Intravenous Transplantation of Very Small Embryonic Like Stem Cells in Treatment of Diabetes Mellitus
Ragerdi Kashani, Iraj
Faculty of Medicine, Tehran University of Medical Sciences, Tehran, Iran, Tel: +98 9127019141, Email: Ragerdi@razi.tums.ac.ir
Faculty of Medicine, Tehran University of Medical Sciences, Tehran, Iran
Faculty of Medicine, Tehran University of Medical Sciences, Tehran, Iran
Background: Diabetes Mellitus (DM), simply known as diabetes, refers to a group of metabolic diseases in which there are high blood sugar levels over a prolonged period. In this study, the feasibility and safety of intravenous transplantation of Very Small Embryonic Like stem cells (VSELs) were investigated for diabetes repair, and finally the migration and distribution of these cells in hosts were observed.
Methods: Mouse bone marrow VSELs were isolated by Fluorescent Activating Cell Sorting (FACS) method by using fluorescent antibodies against CD45, CXCR4 and Sca1 markers. Sorted cells were analyzed for expression of oct4 and SSEA1 markers with immunocytochemistry staining method. To determine multilineage differentiation, sorted cells were differentiated to Schwann, osteocyte and beta cells. Ten days after the establishment of a mouse model of pancreas necrosis, DiI-labeled VSELs were injected into these mice via tail vein. Pancreases were harvested 4 weeks after transplantation and the sections of these tissues were observed under fluorescent microscope.
Results: It was proved that CD45-, CXCR4+, and Sca1+ sorted cells express oct4 and SSEA1. Our results revealed that intravenously implanted VSELs could migrate into the pancreas of hosts and survive in the diabetic pancreas. In treated groups, blood glucose decreased significantly for at least two month and the weights of mice increased gradually.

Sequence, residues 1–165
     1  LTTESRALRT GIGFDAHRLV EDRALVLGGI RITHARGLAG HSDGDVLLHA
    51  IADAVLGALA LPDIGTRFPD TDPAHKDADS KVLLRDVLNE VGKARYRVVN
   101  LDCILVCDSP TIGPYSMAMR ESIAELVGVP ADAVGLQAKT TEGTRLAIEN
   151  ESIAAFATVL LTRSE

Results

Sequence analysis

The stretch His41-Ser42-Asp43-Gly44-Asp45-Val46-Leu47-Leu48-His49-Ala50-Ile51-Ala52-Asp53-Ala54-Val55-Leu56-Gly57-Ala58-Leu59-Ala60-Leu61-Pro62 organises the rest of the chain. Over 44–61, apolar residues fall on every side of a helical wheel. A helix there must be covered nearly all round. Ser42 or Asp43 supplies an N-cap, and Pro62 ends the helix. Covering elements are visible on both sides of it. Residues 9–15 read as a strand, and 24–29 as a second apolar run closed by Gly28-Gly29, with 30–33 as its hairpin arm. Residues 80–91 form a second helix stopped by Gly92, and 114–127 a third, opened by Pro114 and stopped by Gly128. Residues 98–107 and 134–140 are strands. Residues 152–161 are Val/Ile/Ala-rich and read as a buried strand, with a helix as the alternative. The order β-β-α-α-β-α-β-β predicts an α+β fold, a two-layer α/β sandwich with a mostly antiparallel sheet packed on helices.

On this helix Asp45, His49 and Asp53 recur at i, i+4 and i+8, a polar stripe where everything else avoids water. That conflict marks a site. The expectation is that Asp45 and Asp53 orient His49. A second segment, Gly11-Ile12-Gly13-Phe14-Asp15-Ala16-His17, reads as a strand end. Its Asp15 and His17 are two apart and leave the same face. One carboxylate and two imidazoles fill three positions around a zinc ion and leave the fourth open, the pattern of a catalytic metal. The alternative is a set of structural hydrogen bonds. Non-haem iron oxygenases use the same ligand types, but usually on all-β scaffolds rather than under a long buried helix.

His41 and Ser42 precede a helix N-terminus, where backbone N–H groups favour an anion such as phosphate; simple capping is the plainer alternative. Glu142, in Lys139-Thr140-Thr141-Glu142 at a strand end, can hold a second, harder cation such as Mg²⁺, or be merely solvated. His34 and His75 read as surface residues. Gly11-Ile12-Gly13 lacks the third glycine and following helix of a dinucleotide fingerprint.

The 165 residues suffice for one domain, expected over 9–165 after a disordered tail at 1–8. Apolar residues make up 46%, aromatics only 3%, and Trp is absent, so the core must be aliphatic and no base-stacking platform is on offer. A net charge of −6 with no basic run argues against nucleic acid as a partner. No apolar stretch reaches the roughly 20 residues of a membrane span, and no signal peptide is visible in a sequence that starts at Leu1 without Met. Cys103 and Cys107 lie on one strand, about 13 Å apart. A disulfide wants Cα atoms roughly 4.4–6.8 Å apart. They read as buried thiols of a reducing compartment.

Conclusion: This study provides a strategy for using VSELs for curing diabetes and other regenerative diseases, and the strategy is considered an alternative for other stem cell types.
Diabetes is a chronic metabolic disorder manifested by hyperglycemia due to a deficiency of insulin production by pancreatic β- cells. This can be a direct consequence of autoimmune destruction of β-cells, as seen in type 1 diabetes. Other types of diabetes, collectively known as type 2 diabetes, occur because of a combination of reduced insulin sensitivity (noninsulin dependent) and impaired β-cell function 1. Transplantation of pancreatic islets offers a direct treatment for type 1 diabetes and in some cases, insulin-dependent type 2 diabetes 1. Its widespread use is hampered by a shortage of donor organs 1; typically, the pooled islets isolated from two pancreases are enough to treat a single patient, so intensive research is being conducted to look for alternative sources of β-cells.
Since the enormous potential of stem cells was discovered, it was hoped that they would provide the most effective treatment for diabetes mellitus 2. Both embryonic stem cells (derived from the inner cell mass of a blastocyst) and adult stem cells (found in the postnatal organism) have been used to generate, surrogate β cells or otherwise restore β -cell functioning 3.
In 2006, Ratajczak et al identified Very Small Embryonic Like stem cells (VSELs) in the adult murine bone marrow and proved that these cells are pluripotent and express oct4, SSEA1 (stage-specific embryonic antigen 1) and CXCR4 4 (C-X-C chemokine receptor type 4). These cells, which are deposited during early gastrulation in developing tissues/organs have a small diameter (smaller than 6 µm) with large nucleus and a tiny rim of cytoplasm and play an important role in the turnover of tissue-specific/committed stem cells. Researchers have noticed that both in humans and mice, VSELs could be mobilized into Peripheral Blood (PB) and the number of these cells circulating in PB increases during stress and tissue/organ injuries (e.g., heart infarct, stroke) 5-8.